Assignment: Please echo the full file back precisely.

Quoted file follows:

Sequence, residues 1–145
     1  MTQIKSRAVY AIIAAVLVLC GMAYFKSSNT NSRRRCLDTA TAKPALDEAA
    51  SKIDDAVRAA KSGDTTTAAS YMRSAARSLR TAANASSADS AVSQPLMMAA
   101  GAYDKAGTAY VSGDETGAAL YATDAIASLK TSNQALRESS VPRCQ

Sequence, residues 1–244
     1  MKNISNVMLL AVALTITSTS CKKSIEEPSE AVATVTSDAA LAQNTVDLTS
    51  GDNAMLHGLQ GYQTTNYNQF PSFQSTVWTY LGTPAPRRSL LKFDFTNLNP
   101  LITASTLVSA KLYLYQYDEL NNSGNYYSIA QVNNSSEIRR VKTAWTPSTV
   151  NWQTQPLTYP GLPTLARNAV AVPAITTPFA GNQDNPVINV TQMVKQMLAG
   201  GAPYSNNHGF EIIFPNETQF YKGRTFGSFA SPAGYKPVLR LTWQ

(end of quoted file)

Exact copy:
Sequence, residues 1–145
     1  MTQIKSRAVY AIIAAVLVLC GMAYFKSSNT NSRRRCLDTA TAKPALDEAA
    51  SKIDDAVRAA KSGDTTTAAS YMRSAARSLR TAANASSADS AVSQPLMMAA
   101  GAYDKAGTAY VSGDETGAAL YATDAIASLK TSNQALRESS VPRCQ

Sequence, residues 1–244
     1  MKNISNVMLL AVALTITSTS CKKSIEEPSE AVATVTSDAA LAQNTVDLTS
    51  GDNAMLHGLQ GYQTTNYNQF PSFQSTVWTY LGTPAPRRSL LKFDFTNLNP
   101  LITASTLVSA KLYLYQYDEL NNSGNYYSIA QVNNSSEIRR VKTAWTPSTV
   151  NWQTQPLTYP GLPTLARNAV AVPAITTPFA GNQDNPVINV TQMVKQMLAG
   201  GAPYSNNHGF EIIFPNETQF YKGRTFGSFA SPAGYKPVLR LTWQ